The life that reaches nearest to God and heaven is the life that sees good in all things—the life spent in doing for others. Selfish interests, hopes, and desires are the seeds that bring forth in the harvest-time the tares and the thistles. They are the things from which, in the present, we expect to derive much gain; but they always fail to bring either profit or happiness, because these conditions can only come as each part works for the good of the whole and of every other part.

All the little and all the great events that occur in life are so many pictures stored away in the subconscious mind. With the faculty of memory we have power to recall them into renewed activity. When we recall things good and true the whole action is good on both mind and body; when we recall things false and unreal they not only adversely affect the mind, filling it with gloomy forebodings, but also affect the body, weakening all its vital functions. If pictures associated with anger and hatred are recalled, they poison not only the mind but also the blood that flows through our veins—having thus a destructive effect on the body. True pictures build up the body: false pictures tear down. We cannot prevent the pictures that fill our mental gallery from entering the conscious mind; but we can see to it that these pictures shall be of so agreeable a nature that they will ever influence us for good, no matter how frequently they appear above the threshold of consciousness.

Anything that declares the power of evil to be greater than that of good should have no place in our thoughts; neither should anything that considers evil as a power, in and of itself, nor anything that shows forth discord and disease, find an abiding-place in the mind. In the book of life that we are constantly writing we should be careful not to inscribe those things that may eventually have to be cast aside. We should not, for instance, try to incorporate in our beings things false and unreal, which inevitably bring sorrow to mind and pain to body. We should build up an everlasting inheritance of things good and true.

We remember many things we would prefer to forget—our own anger toward others and their anger toward us, the unkind word, the envious and malicious thought, etc. We remember things done that should have been left undone; also, things left undone through our neglect. We would gladly forget all these unpleasant things; but memory has a way of recalling them, and they haunt us both day and night.

The Hindus believe thought to be a fine material substance, and that people in this life are making for themselves an environment that will assume the shape of their own thoughts, and before they can leave it they must outgrow all the unreal conditions they have formed. They must also be able to perceive their unreality before they can leave this environment. Whether this be true or not, there is no doubt that we are under the bondage or control of our own evil thoughts and desires; we are the servants and they have become the masters.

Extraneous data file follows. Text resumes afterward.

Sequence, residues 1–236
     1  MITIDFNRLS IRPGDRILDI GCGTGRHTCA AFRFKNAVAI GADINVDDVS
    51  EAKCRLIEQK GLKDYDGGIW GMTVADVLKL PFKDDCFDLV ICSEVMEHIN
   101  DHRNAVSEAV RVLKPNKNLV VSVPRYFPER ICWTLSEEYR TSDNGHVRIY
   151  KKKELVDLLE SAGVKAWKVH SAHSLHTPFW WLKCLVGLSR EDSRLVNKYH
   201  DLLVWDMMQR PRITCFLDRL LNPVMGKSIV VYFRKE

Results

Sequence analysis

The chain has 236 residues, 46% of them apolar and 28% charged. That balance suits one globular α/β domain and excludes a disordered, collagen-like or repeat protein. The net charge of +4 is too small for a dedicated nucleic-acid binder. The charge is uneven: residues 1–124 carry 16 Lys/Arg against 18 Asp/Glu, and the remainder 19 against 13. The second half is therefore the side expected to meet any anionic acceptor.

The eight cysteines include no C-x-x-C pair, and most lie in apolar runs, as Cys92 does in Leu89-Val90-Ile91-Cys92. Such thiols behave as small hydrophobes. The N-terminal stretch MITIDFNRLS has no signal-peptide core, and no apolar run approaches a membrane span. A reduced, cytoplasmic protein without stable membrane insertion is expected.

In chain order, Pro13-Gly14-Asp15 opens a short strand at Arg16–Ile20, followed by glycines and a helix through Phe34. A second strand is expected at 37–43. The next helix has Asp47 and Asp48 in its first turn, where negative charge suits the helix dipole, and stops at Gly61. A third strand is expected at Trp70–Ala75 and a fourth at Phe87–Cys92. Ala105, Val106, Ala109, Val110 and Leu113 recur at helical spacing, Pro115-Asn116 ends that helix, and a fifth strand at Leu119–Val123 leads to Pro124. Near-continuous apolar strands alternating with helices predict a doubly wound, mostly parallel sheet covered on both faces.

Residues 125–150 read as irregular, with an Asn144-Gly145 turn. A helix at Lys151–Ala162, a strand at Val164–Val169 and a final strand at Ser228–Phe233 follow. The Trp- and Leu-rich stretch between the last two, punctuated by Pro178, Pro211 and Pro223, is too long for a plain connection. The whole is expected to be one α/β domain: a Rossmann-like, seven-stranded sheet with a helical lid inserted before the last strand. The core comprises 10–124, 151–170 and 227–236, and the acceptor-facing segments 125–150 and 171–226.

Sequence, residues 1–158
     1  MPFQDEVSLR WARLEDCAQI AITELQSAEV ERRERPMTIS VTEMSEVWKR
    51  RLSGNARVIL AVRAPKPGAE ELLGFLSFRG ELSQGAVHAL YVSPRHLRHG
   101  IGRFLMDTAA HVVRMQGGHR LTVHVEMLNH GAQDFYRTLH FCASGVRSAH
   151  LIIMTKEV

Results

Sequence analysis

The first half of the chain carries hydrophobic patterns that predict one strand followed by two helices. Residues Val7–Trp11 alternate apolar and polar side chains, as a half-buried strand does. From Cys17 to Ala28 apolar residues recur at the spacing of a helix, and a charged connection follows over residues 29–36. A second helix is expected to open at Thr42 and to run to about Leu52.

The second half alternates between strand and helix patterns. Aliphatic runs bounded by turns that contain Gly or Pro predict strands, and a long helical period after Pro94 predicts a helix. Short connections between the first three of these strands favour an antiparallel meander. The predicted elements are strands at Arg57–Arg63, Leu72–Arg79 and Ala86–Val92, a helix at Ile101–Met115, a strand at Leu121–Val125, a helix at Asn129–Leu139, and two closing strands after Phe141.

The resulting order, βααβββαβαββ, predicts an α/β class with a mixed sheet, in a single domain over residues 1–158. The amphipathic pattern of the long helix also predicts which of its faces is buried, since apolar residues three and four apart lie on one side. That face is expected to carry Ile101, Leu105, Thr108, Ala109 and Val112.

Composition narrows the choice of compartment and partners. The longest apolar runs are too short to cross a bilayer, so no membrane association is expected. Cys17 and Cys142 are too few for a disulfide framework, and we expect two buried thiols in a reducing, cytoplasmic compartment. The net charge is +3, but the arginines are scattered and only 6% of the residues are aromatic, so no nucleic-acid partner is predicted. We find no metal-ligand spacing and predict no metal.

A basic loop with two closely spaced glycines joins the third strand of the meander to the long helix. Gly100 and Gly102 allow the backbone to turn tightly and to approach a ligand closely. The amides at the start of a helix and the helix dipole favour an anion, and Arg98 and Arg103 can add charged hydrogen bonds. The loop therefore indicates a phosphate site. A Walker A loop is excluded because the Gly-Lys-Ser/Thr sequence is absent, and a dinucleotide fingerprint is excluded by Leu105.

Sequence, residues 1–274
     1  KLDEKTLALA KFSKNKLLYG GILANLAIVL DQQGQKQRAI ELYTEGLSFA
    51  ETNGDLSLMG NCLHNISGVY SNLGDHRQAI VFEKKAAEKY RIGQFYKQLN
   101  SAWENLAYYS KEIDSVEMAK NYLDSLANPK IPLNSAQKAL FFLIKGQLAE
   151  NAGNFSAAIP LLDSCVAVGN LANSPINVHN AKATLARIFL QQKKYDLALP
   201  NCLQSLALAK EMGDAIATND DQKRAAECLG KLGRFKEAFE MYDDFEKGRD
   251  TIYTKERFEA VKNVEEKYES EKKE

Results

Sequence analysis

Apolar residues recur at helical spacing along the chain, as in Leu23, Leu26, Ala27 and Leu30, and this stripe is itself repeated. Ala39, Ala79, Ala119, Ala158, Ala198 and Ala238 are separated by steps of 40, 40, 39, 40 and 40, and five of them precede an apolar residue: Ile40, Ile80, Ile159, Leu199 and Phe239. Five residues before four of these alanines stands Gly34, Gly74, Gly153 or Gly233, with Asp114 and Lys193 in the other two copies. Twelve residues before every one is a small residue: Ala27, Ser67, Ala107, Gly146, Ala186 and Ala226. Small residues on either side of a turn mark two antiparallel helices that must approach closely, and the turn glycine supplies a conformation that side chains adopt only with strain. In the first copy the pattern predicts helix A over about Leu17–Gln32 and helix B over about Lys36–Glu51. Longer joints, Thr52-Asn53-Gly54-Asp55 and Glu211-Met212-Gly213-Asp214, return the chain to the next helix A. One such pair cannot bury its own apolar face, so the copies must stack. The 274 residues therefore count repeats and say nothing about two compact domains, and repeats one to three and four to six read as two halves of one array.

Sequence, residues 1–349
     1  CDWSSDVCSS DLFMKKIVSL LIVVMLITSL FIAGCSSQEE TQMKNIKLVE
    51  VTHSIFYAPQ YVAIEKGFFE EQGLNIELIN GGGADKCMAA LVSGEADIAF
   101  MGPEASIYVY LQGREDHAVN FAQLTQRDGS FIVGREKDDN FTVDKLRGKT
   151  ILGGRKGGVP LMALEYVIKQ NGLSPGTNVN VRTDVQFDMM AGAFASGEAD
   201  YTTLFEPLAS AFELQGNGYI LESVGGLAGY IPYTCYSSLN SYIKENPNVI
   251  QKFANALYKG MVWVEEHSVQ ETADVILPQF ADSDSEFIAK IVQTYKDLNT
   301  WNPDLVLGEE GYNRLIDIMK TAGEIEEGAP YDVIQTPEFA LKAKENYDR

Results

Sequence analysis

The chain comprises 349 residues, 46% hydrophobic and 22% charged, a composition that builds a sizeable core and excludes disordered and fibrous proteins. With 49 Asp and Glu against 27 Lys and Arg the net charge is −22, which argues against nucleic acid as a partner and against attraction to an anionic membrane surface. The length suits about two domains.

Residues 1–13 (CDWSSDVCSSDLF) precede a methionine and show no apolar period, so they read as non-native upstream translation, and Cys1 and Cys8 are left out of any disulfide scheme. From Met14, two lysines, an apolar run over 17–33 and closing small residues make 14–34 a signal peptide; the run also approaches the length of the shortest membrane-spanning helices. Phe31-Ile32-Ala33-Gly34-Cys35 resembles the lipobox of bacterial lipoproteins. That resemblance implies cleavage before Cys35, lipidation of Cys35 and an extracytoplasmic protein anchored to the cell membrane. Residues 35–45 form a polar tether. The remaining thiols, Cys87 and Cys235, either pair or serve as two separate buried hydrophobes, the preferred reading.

We have, first of all, to remember that all life is one. We must not willfully do anything that will retard the expression of life. We must work with all things tending toward perfection. We must be careful to picture in mind that which we know to be true; for we are picturing it not only for ourselves but for others; because what is in our own minds is continually affecting those of others. When we realize the effect of mind upon mind, then we see that we owe a duty not alone to ourselves but to all with whom we come in contact. Let us remember that our true thoughts are going to prove helpful to many persons and that our false thoughts will prove injurious; also, that life is more beautiful and more worth living when we act honestly, justly, mercifully, and lovingly toward all.

Through following this course we shall be storing in memory the things that, when recalled, will bring peace of mind and wholeness of body. Let us be sure that the seed we are sowing day by day is good seed, because the harvest will be after its kind. Men do not gather grapes from thorns nor figs from thistles; they gather according to the seed they have planted. Therefore, how important it is to allow no thought to dwell in the mind that will not bring forth good fruit! We must never harbor thoughts that bring with them a sense of shame, or that if expressed would work the slightest injury to any of God's creatures. It is not to be expected that we are going to regulate our actions in perfect conformity to law; but we should so wish to live in accord with all that is good and true that our desire will ripen into perfect fruition. We should not only know the Higher Will, but live it and be it. And through doing so we should realize more of the power and goodness of God in our own lives—and should recognize more of those qualities in the lives of those around us.

One Hand alone,
One Hand has sway.
To Him in wisdom turn.

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Charles Brodie Patterson

  • Canadian New Thought author
  • Born in Nova Scotia in 1854 and died on June, 22nd 1917